"Al-Qaeda in the Arabian Peninsula is probably the biggest threat to the homeland. They're the al-Qaeda faction that still talks about hitting the West and hitting the [U.S.] homeland... So we are on a high state of alert," says GOP Rep. Michael McCaul of Texas who chairs the House Homeland Security Committee. The threat, he adds, is "very imminent."
Al-Qaeda Leader Ayman al-Zawahiri, who succeeded Osama bin Laden, has ordered an attack by his Yemen affiliate, according to "intercepted communications," the Washington Post reported Tuesday.
In one of those telecommunications intercepts, Zawahiri sent "clear orders" to Nasir al-Wuhayshi, the head of al-Qaeda in the Arabian Peninsula and bin Laden's former personal secretary, to conduct a major attack.
Wuhayshi was recently promoted to the No. 2 post in the al-Qaeda command structure. His affiliate is believed to have been responsible for the foiled plot to explode a passenger jet on its way to Detroit on Christmas Day in 2009, and attempts to blow up cargo planes in 2010.
These communications intercepts have revealed the most detailed attack orders in years and demonstrate the growing confidence of al- Qaeda's high command to inflict yet another massive attack on the U.S. or our Western allies.
Georgia Sen. Saxby Chambliss, the ranking Republican on the Senate Intelligence Committee, has compared the intercepts to the kind of messages being heard before the Sept. 11, 2001 terrorist attacks.
"This is the most serious threat that I've seen in the last several years," he said on NBC's Meet The Press Sunday.
"What we have heard is some specifics on what's intended to be done and some individuals who are making plans, such as we saw before 9/11. Whether they are going to be suicide vests that are used, or whether they're planning on vehicle-borne bombs being carried into an area, we don't know. But we're hearing some kind of that same chatter that we heard pre-9/11," Chambliss said.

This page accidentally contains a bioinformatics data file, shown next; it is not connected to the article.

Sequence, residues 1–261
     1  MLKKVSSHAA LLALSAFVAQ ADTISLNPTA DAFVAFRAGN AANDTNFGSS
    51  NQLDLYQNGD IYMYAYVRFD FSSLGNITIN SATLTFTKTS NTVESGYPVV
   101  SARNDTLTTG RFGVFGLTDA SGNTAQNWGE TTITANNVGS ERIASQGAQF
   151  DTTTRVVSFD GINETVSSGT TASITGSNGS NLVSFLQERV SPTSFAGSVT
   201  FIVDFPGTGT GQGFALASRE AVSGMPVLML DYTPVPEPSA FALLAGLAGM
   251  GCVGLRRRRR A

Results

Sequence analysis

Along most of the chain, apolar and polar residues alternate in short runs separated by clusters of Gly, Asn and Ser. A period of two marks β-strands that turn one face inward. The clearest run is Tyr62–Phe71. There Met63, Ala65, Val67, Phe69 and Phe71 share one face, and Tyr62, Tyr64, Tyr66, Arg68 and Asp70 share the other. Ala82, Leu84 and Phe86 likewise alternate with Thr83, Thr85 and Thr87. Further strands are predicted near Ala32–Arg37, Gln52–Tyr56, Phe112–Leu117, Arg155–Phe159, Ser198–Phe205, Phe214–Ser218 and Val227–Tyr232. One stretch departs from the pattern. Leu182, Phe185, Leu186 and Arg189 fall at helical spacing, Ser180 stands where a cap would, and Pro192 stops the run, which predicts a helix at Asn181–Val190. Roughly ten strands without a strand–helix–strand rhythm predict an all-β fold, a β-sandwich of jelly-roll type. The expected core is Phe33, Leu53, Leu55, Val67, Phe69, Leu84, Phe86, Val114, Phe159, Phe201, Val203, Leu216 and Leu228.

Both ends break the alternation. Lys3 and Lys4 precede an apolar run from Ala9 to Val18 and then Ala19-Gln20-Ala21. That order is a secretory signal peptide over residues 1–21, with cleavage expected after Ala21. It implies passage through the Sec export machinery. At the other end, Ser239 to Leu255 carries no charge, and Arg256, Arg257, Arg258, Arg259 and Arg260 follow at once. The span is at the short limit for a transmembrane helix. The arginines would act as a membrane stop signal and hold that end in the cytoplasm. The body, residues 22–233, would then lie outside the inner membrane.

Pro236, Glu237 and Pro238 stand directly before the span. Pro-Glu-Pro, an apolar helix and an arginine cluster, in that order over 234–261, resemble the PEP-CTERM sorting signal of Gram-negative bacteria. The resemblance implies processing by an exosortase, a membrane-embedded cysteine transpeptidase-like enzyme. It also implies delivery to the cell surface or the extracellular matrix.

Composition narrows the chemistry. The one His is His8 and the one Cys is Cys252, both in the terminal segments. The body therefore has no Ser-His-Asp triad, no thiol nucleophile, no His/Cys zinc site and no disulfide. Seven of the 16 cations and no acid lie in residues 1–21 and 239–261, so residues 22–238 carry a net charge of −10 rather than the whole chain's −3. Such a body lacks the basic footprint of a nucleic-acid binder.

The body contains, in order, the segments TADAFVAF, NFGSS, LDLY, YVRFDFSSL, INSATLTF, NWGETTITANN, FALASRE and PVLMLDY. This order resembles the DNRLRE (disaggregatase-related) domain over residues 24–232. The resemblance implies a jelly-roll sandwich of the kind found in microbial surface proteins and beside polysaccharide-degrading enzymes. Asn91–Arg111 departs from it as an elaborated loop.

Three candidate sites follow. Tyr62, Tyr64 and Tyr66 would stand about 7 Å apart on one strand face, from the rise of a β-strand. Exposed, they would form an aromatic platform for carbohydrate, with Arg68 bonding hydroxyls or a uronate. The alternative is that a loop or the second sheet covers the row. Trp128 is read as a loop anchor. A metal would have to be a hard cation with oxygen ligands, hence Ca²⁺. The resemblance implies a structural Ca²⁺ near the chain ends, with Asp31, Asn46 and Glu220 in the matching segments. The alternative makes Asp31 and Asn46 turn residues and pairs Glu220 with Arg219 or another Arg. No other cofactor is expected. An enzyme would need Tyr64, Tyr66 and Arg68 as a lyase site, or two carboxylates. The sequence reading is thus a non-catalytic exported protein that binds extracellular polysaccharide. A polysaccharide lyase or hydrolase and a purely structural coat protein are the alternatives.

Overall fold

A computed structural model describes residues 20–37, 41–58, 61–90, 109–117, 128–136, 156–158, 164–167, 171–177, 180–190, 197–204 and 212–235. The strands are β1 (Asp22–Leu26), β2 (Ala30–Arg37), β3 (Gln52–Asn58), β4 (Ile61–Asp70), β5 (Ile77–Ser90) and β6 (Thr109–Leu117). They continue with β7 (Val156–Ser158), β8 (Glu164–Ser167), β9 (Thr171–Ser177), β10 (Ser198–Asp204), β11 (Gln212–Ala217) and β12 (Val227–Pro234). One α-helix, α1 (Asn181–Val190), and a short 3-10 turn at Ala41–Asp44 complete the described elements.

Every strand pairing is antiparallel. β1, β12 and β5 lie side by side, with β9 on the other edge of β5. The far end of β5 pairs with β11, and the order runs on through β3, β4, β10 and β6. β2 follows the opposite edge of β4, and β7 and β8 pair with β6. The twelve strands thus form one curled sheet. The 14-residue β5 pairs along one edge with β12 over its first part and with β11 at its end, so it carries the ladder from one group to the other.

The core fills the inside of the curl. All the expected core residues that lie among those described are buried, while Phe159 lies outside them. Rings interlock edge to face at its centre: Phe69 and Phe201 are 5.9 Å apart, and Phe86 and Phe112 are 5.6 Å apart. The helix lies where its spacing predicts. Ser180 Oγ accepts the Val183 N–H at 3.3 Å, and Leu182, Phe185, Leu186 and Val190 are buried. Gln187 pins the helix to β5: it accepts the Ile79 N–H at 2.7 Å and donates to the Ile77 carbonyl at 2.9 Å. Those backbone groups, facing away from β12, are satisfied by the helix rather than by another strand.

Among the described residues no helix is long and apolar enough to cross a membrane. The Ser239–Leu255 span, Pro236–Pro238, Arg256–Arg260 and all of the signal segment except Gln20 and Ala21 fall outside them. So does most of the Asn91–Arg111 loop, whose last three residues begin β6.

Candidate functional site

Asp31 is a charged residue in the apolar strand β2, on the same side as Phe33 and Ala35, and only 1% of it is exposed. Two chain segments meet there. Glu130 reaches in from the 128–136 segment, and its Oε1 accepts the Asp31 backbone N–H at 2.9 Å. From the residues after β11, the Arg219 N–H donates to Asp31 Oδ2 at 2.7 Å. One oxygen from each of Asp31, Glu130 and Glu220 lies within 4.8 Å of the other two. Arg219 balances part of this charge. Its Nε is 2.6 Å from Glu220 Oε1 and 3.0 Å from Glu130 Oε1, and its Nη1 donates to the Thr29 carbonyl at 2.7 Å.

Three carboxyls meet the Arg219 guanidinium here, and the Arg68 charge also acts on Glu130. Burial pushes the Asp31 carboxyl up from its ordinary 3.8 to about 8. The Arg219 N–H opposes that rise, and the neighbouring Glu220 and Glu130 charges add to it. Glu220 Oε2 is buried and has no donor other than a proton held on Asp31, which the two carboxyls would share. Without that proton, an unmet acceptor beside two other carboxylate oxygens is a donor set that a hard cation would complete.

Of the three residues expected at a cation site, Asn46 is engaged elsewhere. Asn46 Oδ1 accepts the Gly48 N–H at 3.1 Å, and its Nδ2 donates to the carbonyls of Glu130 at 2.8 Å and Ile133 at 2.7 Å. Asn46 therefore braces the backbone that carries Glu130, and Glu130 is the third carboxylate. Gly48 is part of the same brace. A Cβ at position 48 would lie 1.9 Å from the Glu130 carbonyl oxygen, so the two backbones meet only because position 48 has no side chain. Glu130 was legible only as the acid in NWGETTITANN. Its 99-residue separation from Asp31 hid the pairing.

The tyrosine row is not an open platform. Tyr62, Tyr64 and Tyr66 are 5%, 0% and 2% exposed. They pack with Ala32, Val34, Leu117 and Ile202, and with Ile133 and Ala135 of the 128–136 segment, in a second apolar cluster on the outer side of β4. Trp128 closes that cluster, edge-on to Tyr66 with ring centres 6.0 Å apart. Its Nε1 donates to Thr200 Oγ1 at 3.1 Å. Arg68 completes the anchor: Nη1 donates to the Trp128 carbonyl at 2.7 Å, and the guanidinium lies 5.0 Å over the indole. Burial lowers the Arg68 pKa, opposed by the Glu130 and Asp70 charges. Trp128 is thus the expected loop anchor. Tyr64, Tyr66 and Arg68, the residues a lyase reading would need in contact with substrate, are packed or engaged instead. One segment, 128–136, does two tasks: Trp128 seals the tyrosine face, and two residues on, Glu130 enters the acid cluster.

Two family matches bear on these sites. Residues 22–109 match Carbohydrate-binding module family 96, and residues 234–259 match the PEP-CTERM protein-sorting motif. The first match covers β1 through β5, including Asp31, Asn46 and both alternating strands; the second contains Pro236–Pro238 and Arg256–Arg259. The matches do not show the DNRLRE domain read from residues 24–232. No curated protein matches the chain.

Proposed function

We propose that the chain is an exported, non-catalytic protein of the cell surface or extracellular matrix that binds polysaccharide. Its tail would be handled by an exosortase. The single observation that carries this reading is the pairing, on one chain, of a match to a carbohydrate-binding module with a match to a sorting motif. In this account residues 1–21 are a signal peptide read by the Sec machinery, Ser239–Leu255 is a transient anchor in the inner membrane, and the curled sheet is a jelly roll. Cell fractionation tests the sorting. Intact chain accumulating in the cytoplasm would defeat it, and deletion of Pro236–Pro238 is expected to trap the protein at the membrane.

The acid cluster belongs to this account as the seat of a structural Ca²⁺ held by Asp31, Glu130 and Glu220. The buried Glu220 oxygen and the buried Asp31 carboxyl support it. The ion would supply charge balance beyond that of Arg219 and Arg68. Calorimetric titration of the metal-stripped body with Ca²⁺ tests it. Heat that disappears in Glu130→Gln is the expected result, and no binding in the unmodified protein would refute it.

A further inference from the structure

The senator isn't being hyperbolic about the intercepts' threats. Terrorism experts point out that al-Qaeda in the Arabian Peninsula is considered to be the most dangerous and most effective affiliate of the global terrorist network. That al-Qaeda's second in command is in charge of this new offensive has set off red flags at NSA's command posts.
What isn't known, or revealed thus far, about al-Qaeda's next terrorist attack is where, when, and what kind of attack it will be. They're likely to be carried out in a highly coordinated, multi- target offensive.
What we do know for sure is that Obama's politically-driven assurances during the course of his re-election campaign that, thanks to him, al-Qaeda is "on the run," were totally bogus.
For the president to make such an extravagant claim throughout his campaign, based in part on the death of Osama bin Laden, was naive at best and duplicitous at worst.
Meantime, the debate over NSA's surveillance methods may be the first casualty of this new information. Thus far, no one is saying specifically how these early threats were discovered, except that they were "heard" from terrorist "chatter" on some kind of electronic surveillance by the NSA.
If these attacks are foiled as a result of the NSA's use of its telecommunications program, that debate will come to an abrupt end.